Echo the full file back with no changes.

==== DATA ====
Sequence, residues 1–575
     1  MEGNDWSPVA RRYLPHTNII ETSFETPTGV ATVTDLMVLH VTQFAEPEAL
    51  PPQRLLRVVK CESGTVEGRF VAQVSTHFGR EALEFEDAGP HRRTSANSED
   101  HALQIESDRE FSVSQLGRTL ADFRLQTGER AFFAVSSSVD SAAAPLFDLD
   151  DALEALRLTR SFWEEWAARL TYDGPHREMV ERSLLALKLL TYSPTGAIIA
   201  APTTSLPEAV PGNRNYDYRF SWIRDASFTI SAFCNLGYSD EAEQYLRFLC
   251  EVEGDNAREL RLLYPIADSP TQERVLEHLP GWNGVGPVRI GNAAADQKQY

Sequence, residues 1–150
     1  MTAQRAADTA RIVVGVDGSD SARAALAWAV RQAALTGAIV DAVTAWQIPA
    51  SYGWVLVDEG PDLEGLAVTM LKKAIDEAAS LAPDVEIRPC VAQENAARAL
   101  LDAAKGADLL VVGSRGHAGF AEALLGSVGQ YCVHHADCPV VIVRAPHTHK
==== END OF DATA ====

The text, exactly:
Sequence, residues 1–575
     1  MEGNDWSPVA RRYLPHTNII ETSFETPTGV ATVTDLMVLH VTQFAEPEAL
    51  PPQRLLRVVK CESGTVEGRF VAQVSTHFGR EALEFEDAGP HRRTSANSED
   101  HALQIESDRE FSVSQLGRTL ADFRLQTGER AFFAVSSSVD SAAAPLFDLD
   151  DALEALRLTR SFWEEWAARL TYDGPHREMV ERSLLALKLL TYSPTGAIIA
   201  APTTSLPEAV PGNRNYDYRF SWIRDASFTI SAFCNLGYSD EAEQYLRFLC
   251  EVEGDNAREL RLLYPIADSP TQERVLEHLP GWNGVGPVRI GNAAADQKQY

Sequence, residues 1–150
     1  MTAQRAADTA RIVVGVDGSD SARAALAWAV RQAALTGAIV DAVTAWQIPA
    51  SYGWVLVDEG PDLEGLAVTM LKKAIDEAAS LAPDVEIRPC VAQENAARAL
   101  LDAAKGADLL VVGSRGHAGF AEALLGSVGQ YCVHHADCPV VIVRAPHTHK